Whitworth didn’t completely ignore the financial factors that play into study abroad. Key Performance Indicator 3.1.4 was to establish annual support of at least $200,000 for student study abroad opportunities by 2021, and this goal was decidedly not met.

Rather than an annual support of $200,000, Whitworth reeled in average annual support of $35,000– $165,000 short of their goal. This means students who depend on financial aid to afford college probably won’t be able to count on much funding from the school – and almost certainly won’t be able to consider faculty-led study abroad programs, where almost 0% of the costs can be covered by Whitworth financial aid.

There are a few other sources of study abroad travel, which may be feasible for students struggling with finances. KPI 3.1.2 says that it hopes to increase student participation in ISEP study abroad programs by 50 per year. While this KPI was also not met, as Whitworth achieved 34 students per year rather than 50, ISEP programs may be a more affordable option. Often governmental and Whitworth-provided financial aid will apply to these programs, and while it might not cover additional costs such as plane tickets, it might be worth considering.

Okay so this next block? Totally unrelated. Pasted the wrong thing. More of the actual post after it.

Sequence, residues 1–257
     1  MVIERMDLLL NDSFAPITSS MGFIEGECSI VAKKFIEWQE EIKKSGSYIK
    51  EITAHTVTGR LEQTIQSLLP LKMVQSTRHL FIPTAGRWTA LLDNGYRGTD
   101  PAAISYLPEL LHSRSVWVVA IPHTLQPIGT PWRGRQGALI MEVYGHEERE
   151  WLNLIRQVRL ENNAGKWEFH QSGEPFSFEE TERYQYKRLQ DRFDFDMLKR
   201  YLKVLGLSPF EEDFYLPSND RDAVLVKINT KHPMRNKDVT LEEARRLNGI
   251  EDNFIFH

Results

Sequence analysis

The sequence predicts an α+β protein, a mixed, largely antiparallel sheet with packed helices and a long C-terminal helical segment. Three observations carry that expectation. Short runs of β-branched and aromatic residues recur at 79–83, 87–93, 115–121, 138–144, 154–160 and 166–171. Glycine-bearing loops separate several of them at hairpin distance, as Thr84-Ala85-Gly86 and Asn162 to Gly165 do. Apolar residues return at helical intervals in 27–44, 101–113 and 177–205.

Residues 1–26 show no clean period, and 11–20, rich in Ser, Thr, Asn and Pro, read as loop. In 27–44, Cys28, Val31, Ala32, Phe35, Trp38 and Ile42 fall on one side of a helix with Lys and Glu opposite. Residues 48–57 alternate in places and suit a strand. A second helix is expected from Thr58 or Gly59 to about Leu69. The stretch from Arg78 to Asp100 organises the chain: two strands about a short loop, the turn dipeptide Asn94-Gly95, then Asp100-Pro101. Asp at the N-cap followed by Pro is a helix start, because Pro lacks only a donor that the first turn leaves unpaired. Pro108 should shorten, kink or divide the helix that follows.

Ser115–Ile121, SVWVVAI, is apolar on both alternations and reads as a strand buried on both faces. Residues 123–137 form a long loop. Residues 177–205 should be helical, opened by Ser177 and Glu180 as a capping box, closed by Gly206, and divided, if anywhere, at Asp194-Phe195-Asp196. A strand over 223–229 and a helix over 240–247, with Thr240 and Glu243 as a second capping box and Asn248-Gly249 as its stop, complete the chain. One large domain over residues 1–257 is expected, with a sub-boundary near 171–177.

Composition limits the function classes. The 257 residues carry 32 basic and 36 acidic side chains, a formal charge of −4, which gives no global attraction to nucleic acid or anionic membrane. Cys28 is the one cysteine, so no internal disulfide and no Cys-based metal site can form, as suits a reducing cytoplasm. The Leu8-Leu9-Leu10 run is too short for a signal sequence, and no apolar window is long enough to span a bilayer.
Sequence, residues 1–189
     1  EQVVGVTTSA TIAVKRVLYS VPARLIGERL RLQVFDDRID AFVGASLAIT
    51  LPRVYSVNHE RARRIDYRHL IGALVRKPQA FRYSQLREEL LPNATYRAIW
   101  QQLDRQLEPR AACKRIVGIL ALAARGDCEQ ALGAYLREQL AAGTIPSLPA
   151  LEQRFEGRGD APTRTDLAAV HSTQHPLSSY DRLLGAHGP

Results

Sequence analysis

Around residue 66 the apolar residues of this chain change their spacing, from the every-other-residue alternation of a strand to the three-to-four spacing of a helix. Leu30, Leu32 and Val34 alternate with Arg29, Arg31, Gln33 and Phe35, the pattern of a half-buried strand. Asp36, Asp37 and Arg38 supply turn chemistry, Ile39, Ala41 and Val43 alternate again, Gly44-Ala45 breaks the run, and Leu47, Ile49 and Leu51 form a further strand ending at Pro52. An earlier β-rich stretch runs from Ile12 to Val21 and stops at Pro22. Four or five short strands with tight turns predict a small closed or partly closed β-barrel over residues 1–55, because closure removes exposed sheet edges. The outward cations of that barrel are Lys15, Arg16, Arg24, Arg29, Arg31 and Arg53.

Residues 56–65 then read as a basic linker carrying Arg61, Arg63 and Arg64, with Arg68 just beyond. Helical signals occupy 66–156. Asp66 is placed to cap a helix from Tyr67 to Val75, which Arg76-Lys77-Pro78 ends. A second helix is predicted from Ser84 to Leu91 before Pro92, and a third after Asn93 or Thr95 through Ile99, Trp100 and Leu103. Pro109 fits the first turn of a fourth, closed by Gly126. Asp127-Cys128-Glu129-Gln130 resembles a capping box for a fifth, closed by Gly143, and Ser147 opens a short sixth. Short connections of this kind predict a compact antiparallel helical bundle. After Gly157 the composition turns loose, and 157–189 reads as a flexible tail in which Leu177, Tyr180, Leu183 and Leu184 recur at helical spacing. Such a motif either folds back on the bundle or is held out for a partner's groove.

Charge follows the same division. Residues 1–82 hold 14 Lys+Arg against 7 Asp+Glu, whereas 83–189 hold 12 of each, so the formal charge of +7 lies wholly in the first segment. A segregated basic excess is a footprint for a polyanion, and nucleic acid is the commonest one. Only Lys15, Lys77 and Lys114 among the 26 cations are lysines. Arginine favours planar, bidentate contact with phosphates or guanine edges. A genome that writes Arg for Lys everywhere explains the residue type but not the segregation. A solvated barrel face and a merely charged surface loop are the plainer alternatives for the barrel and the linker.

Whitworth did accomplish KPI 3.1.1 (to increase semester-long program offerings in international locations), KPI 3.1.5 (to create a formal re-entry program for study away students), KPI 3.2.1 (employ a professional international visitor at least once every other year), KPI 3.3.1 (develop a study-abroad assessment plan by 2018) and KPI 3.3.2 (update taxonomy for tracking study-abroad programs).

The KPI that weren’t achieved seem to be in large due to the global pandemic that began last year. McKinney said that COVID-19 forced the school to cancel or suspend four terms of study abroad programs, from Spring 2020-21. KPI 3.1.1 aimed at increasing undergraduate student participation in study abroad to 60%. This was not achieved, although they got close at 53.8%. The numbers said that only 283 students participated in study abroad programs in 2020 even though projections without COVID put it at 347 students. If COVID had not happened, this may have been another KPI marked “complete”.

KPI 3.2.2-a, which sought to increase the number of international students to 100, was another goal that came close to being accomplished but failed right at the end.